As long as we have troops serving overseas, a rural Pennock woman will probably keep knitting caps for them. She always makes sure she tucks a little note into the inside each cap. That note reads ‘Dear soldier: may you feel the warmth and love knitted into this cap, we pray for your safe return to your loved ones.’ These caps are sent to soldiers serving overseas in Afghanistan and Iraq, a project started by Marlys (Mrs. Owen) Anderson of rural Pennock after their grandson was sent overseas. “I hadn’t knitted for years, then my grandson went to Korea. Knowing its cold over there I sent him a stocking cap. He sent me an email back saying ‘its great grandma, I need 35 more.’” Marlys and Owen spend their winters in an RV park in Arizona and at a meeting of the park board she asked if there were people there interested in knitting or donating towards the project. Marty Brek, a comedian who was performing at the RV park offered to donate the proceeds from his show to the cause. “Not only did he donate his portion, but the park donated their portion too so it was over $1,100.” The money was used for yarn, postage and other small supplies. It was just overwhelming, Marlys said. “I’m going ‘wow, wow, wow.’” The knitters in the park came forward, she said, as did friends out of the park. “I had like 40 knitters knitting.” Marlys said she pretty much got to be known as the bag lady of the park, she’d get an order of yarn, bag it up, hop on her bike and take it to the various knitters. “I’m the bag lady around the park.” She said a lot of husbands were there and they were overwhelmed. “I thanked them for letting their wives knit for me. They said ‘no, thank you.’” One of the men had served in Korea, she said, and told her ‘you don’t know what it means to get something from home.’ She said the knitters at the park in Arizona came from California, New York, Canada, Arizona and states in-between. She doesn’t know how many knitters there are but there’s probably 30 to 40 in Minnesota that she knows of. “Most everybody that has knit a cap puts a note in it, and every cap that leaves my house has a note in it.” She said the back of each note contains information as to the fact the caps are 100 percent wool, directions to wash it in cold water, her email address in case someone wants more caps and that the cap has been knit by hand and the name of the grandmother that knit the cap or if not by a grandmother then that person’s first name, and the city in which they live. “Its personalized to each cap.” Marlys said she’s heard from several of the soldiers including her grandson. One is a chaplain Kuwait. “I had sent him 142 of the caps in July and another 80 after that because he needed some more.” That’s pretty much where they (the soldiers) first come in she said, and from there are sent to Afghanistan or Iraq. She got a note from a woman in the Air Force named Christina, who had received a cap from a chaplain when she entered the service. “She sent me two really nice notes and it got to be where we were communicating back and forth between us. I had sent her 80 and she said in a note a week later she had over half of them passed out already.” December of last year was when they sent the first cap to their grandson. Since then they’ve made over 700 of them and are going strong. “I don’t know how many of my knitters had taken yarn home with them for the summer. I’ll get those when I get back to the park.” Instead of having them mail the caps to her, Marlys has them keep the caps until they return to Arizona at which time they bring them along. “I’m just telling them to keep the hats until I get home to Minnesota or home to Arizona and I’ll pick them up then unless I really need them and then I’ll tell them to send them to me, but with the cost of the postage I don’t want to do that (have them sent to her). The cost to send two boxes with 80 caps in each box is $61. “It is costly. And I don’t just send the caps, I send them a treat as well.” The last two boxes she sent included a large bag of tootsie rolls and some crystal light drinks. “Their water gets a little boring after a while.” Knitting these caps has been quite rewarding, Marlys said. “I don’t know how many I’ve knitted all told, I’d say 80 but its probably more.” She has knitters in quite a few communities around this area including a woman in Pennock and another one in Kerkhoven. The colors used for the caps have to be dark, she explained, and if there are any stripes they have to be high up on the crown. The colors have to be dark so no attention is drawn to then, they can’t be light or bright. “It has to be dark dull colors like browns and greens. Beige works but we do stick with the darker colors.” Marlys’ grandson told her through email that the soldiers who got the caps were going to pay her. “I said ‘no way. That’s not going to happen. This is just something I do.” She said it takes five to six hours to knit a cap and there are 5,115 stitches in a cap, all in support and love for these soldiers. “They’re very stretchy and will fit any guy, some may look small but once you put them on they’re not.” In regards to the number of stitches in a cap, Marlys said she was sitting in Arizona one night and thought to herself ‘there’s more to this,’ and then figured out how many rows in a cap and how many stitches to a row. She brought the results to the next park meeting because they wanted an update. “When I said ‘we’ve done 60 caps times 5,115 stitches which equates to….they were all kind of roaring.” Marlys said what she’s doing is very rewarding. With the first group of caps her husband was worried about where those 170 caps were going, but just like that they went. The Benson Weavers needed caps, Marlys said, they had a request for 550 and didn’t know how they were going to make that many. “We supplied from Arizona 171 for them. I found a ride for them to Minnesota, got them to my brother, he took them to Benson. I sent another box of 35 and brought home more and met the knitters group in Benson. They were pretty overwhelmed and glad to meet me after hearing about what we were doing in Arizona.” A lot of the knitters thank Marlys for letting them knit. “I get emails from knitters wanting a pattern or thanking me for doing this.” She even has a man helping with the knitting. “He kept coming to the local group (the Willmar Knitters) and talking to the ladies and all of a sudden he brought needles and yarn and started knitting.” Maybe next year they’ll have more men knitting, she said. The knitters come from a lot of areas locally including Pennock, Kerkhoven, Willmar, Atwater, Hector, Spicer, New London, Olivia, Litchfield, and Hutchinson. Marlys keeps track of everything from expenses to knitters, letters she’s written or received, patterns, pictures, receipts and more. She keeps track of who they are and what state they live in. “When we were in Arizona and just starting out I would note which knitters I left samples with, how many skiens of yarn, and how many they completed. “You can get two caps out of a skien.” The yarn has to be 100 percent wool, she said because the wool absorbs the sweat, keeps them warm, the wool yarn won’t melt if there’s a head injury, and it keeps the fine sand out of their eyes. Marlys is always stopping at garage sales looking for knitting needles. “I look in Goodwill, any thrift store hoping I can find more. With all the knitters, not everybody can afford to pay for these, so with the donations I night help these people get their knitting needles.” At one of the garage sales she stopped at she ran into a woman who had a nephew and a grandson that were in either Iraq or Afghanistan. She gave her two caps for them and they’ve been emailing each other ever since. She’s always looking for donations so she can buy more yarn and needles. She just purchased 100 skiens she’ll be taking to Arizona. She’s also excited because her grandson is coming home from the Army for a couple of weeks in November. After that he’ll be stationed in Fort Riley, Kansas and after a year will probably be deployed. Their 17 year old grandson has enlisted in the Army and will be going to Fort Benning in Georgia in July. This entire project has been overwhelming and very rewarding, Marlys said. “People search their lives for making a difference and at 66 I’m glad I can make a difference.” Marlys is always looking for more knitters and currently is working on an order for 2,700 knit caps. She needs the completed caps by the spring of 2011. Before Anderson knew about this current order, she sent 500 caps to a woman in Idaho she met while in Arizona. This woman started a knitting group after talking with Marlys and her first order was for 2,700 caps, so Anderson sent the 500 caps to help her with that project. “About a week after that I found out that Minnesota was having a group of 2,700 deployed.” That meant she had to get busy and needed to recruit more knitters. Anyone wishing to volunteer their time knitting or to make a monetary donation, should use the main search engine and type in www.capsforsoldiers.com (Anderson says Google doesn’t work for this address), or the website email@example.com. There is also a guest book on her website where you can leave a message or you can call her at 320-354-3704. Anderson said the soldiers really appreciate the caps. She said the emails they receive back from the soldiers are priceless. One soldier’s email read “I just wanted to let you know that this is what counts to soldiers when they are on deployment. Little things like these beanies really let us know that while we may be hating life, there are people still half way around the world who have never met us, who may not believe in the work we do, but who believe in us 100 percent.” Anderson said she’s glad she making a difference with this rewarding project.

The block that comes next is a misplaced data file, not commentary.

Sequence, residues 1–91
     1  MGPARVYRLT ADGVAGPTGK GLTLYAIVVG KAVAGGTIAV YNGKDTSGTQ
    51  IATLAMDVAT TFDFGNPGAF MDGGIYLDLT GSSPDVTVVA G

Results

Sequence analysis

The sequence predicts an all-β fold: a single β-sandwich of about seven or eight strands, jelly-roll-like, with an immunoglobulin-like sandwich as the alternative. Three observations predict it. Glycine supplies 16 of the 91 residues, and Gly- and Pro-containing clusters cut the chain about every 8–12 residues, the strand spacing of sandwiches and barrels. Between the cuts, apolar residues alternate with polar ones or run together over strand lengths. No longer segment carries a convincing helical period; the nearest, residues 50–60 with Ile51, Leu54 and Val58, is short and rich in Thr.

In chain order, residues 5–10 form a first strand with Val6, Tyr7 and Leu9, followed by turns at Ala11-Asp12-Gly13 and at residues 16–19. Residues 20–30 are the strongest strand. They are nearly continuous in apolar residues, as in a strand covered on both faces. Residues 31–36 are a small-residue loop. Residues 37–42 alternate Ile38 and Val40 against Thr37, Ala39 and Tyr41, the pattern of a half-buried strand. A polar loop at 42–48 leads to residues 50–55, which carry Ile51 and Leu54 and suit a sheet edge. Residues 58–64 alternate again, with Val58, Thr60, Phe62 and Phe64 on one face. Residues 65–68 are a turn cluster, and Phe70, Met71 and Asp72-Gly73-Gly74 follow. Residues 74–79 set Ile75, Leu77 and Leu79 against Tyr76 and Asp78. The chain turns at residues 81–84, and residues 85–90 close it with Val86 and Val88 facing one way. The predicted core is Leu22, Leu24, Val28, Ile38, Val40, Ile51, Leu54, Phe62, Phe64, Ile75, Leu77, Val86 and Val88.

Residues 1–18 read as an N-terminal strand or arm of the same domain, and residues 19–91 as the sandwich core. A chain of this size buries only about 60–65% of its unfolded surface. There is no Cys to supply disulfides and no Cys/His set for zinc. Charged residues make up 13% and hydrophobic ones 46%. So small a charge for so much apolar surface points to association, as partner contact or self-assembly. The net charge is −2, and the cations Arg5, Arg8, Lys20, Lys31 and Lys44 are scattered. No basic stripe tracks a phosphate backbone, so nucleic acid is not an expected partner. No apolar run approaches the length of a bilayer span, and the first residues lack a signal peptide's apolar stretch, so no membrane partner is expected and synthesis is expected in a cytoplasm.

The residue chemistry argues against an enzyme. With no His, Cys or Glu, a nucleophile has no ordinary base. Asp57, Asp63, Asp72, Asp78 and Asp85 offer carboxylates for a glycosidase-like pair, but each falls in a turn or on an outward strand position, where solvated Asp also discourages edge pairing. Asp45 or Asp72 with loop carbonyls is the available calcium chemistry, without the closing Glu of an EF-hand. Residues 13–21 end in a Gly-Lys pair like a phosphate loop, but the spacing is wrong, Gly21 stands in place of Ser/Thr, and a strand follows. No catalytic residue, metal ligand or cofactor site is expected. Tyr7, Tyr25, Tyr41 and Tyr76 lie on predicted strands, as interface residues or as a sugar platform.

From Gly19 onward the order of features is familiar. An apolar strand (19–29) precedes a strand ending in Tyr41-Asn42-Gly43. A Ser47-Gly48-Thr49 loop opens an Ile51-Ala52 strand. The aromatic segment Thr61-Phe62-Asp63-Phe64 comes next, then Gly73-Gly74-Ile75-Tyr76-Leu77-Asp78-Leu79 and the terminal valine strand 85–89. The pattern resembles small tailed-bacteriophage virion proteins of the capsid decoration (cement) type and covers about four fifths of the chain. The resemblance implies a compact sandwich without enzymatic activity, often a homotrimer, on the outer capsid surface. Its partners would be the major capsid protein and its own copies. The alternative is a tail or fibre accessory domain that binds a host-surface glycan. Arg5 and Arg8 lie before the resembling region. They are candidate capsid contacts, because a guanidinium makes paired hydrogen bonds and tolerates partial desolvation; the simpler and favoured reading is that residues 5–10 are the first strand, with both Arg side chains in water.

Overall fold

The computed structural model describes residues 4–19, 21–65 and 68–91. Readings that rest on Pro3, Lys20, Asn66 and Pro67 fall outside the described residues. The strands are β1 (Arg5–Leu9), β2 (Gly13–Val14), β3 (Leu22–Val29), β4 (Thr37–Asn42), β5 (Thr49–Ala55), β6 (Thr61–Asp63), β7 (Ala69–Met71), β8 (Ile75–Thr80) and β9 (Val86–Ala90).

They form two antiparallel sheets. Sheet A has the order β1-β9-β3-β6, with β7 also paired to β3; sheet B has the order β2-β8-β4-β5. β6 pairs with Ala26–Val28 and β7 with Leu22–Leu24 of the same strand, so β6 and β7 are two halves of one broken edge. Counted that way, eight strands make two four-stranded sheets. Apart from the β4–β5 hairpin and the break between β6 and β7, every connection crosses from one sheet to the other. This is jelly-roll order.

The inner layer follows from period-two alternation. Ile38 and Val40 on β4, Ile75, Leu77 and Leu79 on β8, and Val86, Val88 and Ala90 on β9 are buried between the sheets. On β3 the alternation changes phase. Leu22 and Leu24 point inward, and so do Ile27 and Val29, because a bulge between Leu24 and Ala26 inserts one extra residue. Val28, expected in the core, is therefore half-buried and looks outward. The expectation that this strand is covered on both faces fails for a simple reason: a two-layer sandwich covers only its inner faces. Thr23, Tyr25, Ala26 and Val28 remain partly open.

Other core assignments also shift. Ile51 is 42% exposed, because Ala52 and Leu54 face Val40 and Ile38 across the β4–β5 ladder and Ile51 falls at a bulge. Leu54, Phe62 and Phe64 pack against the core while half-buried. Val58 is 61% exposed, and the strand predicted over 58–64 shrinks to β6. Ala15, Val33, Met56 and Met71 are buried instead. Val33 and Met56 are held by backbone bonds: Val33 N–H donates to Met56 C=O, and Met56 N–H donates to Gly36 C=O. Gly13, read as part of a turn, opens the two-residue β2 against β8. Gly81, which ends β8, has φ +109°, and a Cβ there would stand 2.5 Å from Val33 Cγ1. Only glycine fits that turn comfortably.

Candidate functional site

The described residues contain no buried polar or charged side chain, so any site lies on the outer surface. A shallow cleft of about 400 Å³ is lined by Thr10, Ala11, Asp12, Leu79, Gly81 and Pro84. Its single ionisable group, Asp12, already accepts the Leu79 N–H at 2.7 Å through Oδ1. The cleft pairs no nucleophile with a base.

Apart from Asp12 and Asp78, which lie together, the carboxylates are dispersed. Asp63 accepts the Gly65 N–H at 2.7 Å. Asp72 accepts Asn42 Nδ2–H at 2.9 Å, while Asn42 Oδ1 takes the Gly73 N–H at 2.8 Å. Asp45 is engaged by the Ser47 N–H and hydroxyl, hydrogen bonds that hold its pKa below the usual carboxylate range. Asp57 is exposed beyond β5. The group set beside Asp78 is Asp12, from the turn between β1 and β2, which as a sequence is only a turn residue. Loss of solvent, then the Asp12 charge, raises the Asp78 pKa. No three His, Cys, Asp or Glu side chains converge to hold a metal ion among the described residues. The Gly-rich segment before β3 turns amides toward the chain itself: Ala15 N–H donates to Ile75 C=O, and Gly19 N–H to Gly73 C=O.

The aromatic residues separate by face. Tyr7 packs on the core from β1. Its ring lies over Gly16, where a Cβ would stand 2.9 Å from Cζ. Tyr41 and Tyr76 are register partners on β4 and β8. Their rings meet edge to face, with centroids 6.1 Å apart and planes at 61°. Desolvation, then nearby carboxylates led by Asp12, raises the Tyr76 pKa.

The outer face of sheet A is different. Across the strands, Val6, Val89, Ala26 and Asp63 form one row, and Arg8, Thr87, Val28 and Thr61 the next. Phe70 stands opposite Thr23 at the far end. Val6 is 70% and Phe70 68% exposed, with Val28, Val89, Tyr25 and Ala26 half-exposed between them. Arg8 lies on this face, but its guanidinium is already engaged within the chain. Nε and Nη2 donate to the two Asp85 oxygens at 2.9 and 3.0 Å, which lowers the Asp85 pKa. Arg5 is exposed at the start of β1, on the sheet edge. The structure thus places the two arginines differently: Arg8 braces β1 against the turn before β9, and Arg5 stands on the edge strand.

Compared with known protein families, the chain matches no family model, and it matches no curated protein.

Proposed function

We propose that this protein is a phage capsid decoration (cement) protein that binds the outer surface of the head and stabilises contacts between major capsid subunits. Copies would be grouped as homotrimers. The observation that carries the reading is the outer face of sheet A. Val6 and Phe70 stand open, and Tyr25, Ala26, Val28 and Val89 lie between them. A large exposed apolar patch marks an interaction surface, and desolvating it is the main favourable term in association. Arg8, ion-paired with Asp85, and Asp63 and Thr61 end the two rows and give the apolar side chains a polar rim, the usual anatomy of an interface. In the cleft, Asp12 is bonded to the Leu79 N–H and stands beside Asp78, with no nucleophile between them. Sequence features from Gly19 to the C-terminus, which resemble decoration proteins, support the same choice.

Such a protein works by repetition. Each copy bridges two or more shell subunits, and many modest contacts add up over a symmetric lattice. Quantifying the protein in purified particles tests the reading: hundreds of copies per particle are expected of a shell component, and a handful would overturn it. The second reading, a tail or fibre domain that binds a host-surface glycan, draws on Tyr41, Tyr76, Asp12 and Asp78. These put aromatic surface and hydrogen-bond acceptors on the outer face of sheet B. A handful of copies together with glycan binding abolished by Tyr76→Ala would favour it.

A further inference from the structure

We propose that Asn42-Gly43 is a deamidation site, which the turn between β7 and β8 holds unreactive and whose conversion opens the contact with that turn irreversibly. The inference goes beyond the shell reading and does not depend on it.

Bringing warmth to the soldiers